Boston Lockdown

Distributed on Twitter this morning: "From #Syria to #Boston h/t @SyrianBint pic.twitter.com/Vd1JHJ0sTk"

Distributed on Twitter this morning: “From #Syria to #Boston h/t @SyrianBint pic.twitter.com/Vd1JHJ0sTk”

 

Friday, April 19, Cambridge, Mass.

This morning, I awoke to my nervous son, holding out the phone. It was the head of his school, calling to let us know that the last day of vacation camp had been canceled because of “the events in Watertown.”

“What events?” I asked groggily.

He paused—how can she not know already?—then gave me the brief outline of a gun battle with the bombing suspects and one still on the loose.

All the while, my eleven-year-old watched anxiously, eagerly. When I told him camp was closed, his narrow shoulders caved. It had been his last day to make “lacy candles,” to pick up the pillow he’d quilted.

There is meaning to be grasped here—I know there is. I will grasp it. And I’ll do the needful for my eleven-year-old, talking if he wants to, or not talking. Playing board games, giving him extra time on the iPad. We’ll keep reading The Two Towers. We’ll be fine.

But this week has left me exhausted and guilty for reasons I know are irrational. I have no idea how to hand over the whole bundle of my existential knowledge to my son. I don’t want him to grow up too fast, yet he wants and needs to know what’s happening. I appreciate the “Tips For Edgy Parents At Home In Lockdown Mode With Kids” emailed around by his school, and they are sensible. But I resent them, too. They’re wise and calm, expert advice from a psychiatrist, yet I don’t want more advice.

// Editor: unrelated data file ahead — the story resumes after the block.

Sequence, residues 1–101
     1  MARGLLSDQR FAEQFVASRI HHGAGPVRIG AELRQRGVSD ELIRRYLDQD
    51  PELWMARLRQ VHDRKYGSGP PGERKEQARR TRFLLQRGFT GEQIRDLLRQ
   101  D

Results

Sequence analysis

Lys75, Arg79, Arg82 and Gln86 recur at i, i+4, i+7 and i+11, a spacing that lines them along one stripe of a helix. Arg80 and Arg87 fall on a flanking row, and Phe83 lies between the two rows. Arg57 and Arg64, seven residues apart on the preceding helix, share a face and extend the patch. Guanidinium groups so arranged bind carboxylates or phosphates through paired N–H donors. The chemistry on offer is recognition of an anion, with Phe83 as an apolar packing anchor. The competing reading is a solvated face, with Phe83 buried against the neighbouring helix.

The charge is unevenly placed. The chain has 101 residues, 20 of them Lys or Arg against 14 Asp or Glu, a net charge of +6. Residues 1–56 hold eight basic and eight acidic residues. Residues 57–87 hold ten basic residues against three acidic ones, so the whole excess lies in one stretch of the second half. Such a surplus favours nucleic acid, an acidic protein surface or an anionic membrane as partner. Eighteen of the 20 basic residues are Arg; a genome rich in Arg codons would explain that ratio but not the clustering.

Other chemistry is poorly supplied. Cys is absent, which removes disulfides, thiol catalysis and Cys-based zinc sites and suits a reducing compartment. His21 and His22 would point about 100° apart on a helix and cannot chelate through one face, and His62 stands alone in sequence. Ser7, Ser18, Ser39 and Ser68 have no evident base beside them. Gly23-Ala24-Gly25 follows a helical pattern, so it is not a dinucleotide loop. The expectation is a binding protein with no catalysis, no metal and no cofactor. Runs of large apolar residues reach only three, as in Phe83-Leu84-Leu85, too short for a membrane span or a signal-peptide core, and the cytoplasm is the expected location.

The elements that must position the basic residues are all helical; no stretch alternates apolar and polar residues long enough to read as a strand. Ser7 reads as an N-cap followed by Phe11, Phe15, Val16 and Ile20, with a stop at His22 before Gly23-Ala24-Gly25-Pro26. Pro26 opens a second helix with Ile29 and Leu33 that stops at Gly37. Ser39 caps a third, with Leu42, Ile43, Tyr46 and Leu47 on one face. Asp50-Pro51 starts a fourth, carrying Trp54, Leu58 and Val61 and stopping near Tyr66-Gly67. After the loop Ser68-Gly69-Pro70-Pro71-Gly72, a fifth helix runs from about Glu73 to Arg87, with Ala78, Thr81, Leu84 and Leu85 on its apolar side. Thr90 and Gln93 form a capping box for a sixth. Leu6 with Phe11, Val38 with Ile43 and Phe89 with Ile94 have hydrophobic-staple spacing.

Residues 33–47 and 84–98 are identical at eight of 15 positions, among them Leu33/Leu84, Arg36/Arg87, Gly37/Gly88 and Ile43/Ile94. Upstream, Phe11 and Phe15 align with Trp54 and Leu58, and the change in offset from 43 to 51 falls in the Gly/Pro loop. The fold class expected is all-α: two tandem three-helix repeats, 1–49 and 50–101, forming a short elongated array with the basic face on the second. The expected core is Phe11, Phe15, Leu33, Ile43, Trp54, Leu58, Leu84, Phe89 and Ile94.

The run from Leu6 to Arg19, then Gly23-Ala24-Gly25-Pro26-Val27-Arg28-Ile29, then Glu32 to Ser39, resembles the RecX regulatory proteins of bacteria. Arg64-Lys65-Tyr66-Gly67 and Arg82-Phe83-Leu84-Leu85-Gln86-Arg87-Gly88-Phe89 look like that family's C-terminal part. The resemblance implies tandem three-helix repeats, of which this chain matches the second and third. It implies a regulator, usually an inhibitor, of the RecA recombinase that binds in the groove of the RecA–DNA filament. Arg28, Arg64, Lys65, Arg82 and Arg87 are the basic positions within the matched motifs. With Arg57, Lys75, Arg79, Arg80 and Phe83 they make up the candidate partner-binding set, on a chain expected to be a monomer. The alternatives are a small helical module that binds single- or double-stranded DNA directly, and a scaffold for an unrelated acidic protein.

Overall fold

These “tips” don’t address my need to scream or to comfort my downcast son with more than happy movies. They don’t satisfy my need to shake a fist at the heavy overcast sky or the Fates or God or whatever butterfly wings determine our lives.

From the window beside the desk where I’m typing this, I see a helicopter circling. I hear the rumble of another above our roof, then the caw of seagulls. There’s nothing else but the wind around the roof. The street is empty.

Randomness. I thought I’d learned to deal with this, after infertility, after visiting Vietnam, after my mother’s recent death. But like any American, even a well-traveled one, I’ve just begun a journey that other people around the world have been enduring for decades.

After the morning phone call, I trekked downstairs for another bitter dose of TV news, switching on the screen to the replay of the early-morning gun battle, flashes of orange light against dark blue, which took place a mile and a half from our house.

My son came downstairs more slowly, and he missed the rattle of gunfire. Still, he hung back as the frantic TV reporter voices chattered on. He asked us within moments to turn it off—and we did. I began tracking tweets about it instead.